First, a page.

When I was around 24 or 25 I took a long lead fall while rock climbing just below the Grand Wall of the Stawamus Chief in Squamish BC. It was the most profound, bizarre, ineffable and transformational experience of my life. I have always had difficulty trying to describe that experience in words – hence its ineffable quality. There were many incredible sensations and “awarenesses” that took place during that experience, but the one which has always defied even a cursory description, was the one of unity. But when I read this paragraph from Steve Taylor (author of The Leap, Spiritual Science etc) in some course notes from a past transpersonal psychology graduate program, that last part really hit home (“he or she may feel that they are the universe”).
“While in a high intensity awakening experience, the whole material world may dissolve away into an ocean of blissful radiant spirit-force, which the individual feels is the essence of the universe, and of their own being; he or she may feel that they are the universe.”
~ Steve Taylor
For a moment in that state, as Sadhguru is quoted describing his own awakening experience “I did not know what is me and what is not me. What was me was spread all over the place.” I really felt like I was “aware” of the entire universe all at the same time. Like I “was” the entire universe conscious of itself! How bizarre is that? And how can you not be changed forever by such an experience? How can you not look at your own existence differently, your own life and death, after experiencing an interconnectedness with the entire universe?
Although this awakening experience while falling off the Chief was evoked through trauma (most are according to Steve Taylor’s research), these same experiences can and often are, also experienced in deep psychedelic states. No surprise then to learn science has discovered that psychedelics can provide incredible psychological, emotional and existential relief to those struggling with end-of-life distress. And in fact one of the first Canadian initiatives to support the legal use of psychedelics for those dealing with end-of-life distress, occured in August of 2020 when our Health Minister Parry Hajdu granted a Section 56 exemption to the Controlled Drugs and Substances Act (CDSA), so that four terminally ill patients could ease their existently end-of-life distress with psychedelics. 2020 was actually a landmark year for Canada’s support of psychedelic medicines.
Having recently been diagnosed with (likely) Stage IV esophageal cancer which has metastasized to my spine (T8) and skull, I am now reflecting more intimately and immediately on my own mortality. I am immensely grateful to have had that profound consciousness-shifting and transformational awakening experience at such a young age. Although to be honest, over a decade of serious rock climbing gave me MANY profound and perspective-shifting experiences which have helped shape how I am responded to this recent cancer diagnosis.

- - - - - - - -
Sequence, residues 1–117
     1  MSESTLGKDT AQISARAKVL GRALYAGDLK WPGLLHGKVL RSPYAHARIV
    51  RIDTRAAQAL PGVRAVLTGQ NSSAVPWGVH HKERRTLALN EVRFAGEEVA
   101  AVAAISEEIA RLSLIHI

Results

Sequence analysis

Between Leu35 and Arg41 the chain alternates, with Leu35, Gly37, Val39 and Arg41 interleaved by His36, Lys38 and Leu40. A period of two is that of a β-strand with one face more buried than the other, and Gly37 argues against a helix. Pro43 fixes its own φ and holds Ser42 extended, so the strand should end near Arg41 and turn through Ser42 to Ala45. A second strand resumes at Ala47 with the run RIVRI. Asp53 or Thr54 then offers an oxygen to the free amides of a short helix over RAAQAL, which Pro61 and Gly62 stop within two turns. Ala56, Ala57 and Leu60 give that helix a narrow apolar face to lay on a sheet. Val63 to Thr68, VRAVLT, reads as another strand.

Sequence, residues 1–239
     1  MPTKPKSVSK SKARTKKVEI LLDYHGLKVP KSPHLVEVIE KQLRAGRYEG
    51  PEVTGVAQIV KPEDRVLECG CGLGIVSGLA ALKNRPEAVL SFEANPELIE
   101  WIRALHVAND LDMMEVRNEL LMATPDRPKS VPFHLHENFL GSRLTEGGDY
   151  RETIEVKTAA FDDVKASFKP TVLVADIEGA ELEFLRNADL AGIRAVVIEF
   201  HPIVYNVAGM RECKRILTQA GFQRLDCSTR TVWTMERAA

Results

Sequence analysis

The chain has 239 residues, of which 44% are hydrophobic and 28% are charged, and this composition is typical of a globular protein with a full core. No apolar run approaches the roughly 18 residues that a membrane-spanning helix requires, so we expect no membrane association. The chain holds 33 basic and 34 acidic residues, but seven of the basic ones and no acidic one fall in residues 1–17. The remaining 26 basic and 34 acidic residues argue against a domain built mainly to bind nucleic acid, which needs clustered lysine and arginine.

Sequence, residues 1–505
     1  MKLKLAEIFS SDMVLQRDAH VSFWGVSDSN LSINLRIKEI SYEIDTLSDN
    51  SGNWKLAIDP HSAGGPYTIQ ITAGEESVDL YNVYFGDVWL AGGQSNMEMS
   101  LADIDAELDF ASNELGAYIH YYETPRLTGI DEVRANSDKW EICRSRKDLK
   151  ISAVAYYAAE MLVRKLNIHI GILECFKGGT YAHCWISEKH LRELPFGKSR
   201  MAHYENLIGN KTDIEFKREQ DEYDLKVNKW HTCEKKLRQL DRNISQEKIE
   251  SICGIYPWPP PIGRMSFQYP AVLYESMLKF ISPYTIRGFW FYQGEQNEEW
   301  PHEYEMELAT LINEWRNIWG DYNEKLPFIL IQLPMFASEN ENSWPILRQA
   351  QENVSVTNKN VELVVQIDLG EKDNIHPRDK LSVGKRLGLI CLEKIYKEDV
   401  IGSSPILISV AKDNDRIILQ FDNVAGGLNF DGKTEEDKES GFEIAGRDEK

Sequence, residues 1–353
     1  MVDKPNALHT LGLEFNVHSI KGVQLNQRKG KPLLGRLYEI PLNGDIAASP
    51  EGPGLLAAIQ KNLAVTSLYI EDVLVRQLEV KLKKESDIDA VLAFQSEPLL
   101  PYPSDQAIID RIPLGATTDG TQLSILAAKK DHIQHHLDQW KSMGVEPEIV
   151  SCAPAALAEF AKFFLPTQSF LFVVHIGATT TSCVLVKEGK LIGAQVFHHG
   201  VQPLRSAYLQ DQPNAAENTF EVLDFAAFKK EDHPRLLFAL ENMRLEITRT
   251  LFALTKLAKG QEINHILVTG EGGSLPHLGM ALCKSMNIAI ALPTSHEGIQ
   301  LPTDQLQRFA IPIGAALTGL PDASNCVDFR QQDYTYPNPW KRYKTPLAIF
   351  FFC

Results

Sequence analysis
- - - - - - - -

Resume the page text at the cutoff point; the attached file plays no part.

I am also PROFOUNDLY grateful for the immense psychological and physical/pain relief that cannabis is providing me right now. I am PROFOUNDLY grateful for having been able to spend more than a decade rock climbing and for having pushed myself to where I had that near-death, transformational awakening experience during a long fall. I am also PROFOUNDLY grateful for the many psychedelic experiences I had as a young man, and the many exploratory, healing, revealing and transformational psychedelic experiences I have had over the last 3 years, and which I continue to explore to this very day. My ability to accept, integrate and fully respond to this recent diagnosis of (likely Stage IV) cancer was clearly formed through these experiences of awakening and psychedelics. I only hope the universe will afford me a bit more time to try and help spread and advocate for, the medical, psychological and humanitarian value of psychedelics.
I am also PROFOUNDLY grateful for the humanitarian and evidence-based work, policy efforts, community-building efforts, legalisation efforts and advocacy of psychedelic science and medicine of both MAPS Canada and the Canadian Psychedelic Association (CPA). I am also incredibly grateful, and honoured, to have been able to volunteer briefly with both organisations.
Please consider supporting the important humanitarian efforts of both MAPS Canada and the Canadian Psychedelic Association (CPA). They (and many others in Canada) are leading the way in helping deliver these healing and transformational medicines to those most in need.
Canadian Psychedelic Association
Psychedelics, Microdosing & Wellness
Photo: Me after gleefully completing/leading the Buttress Route on the Stawamus Chief around 1983/84.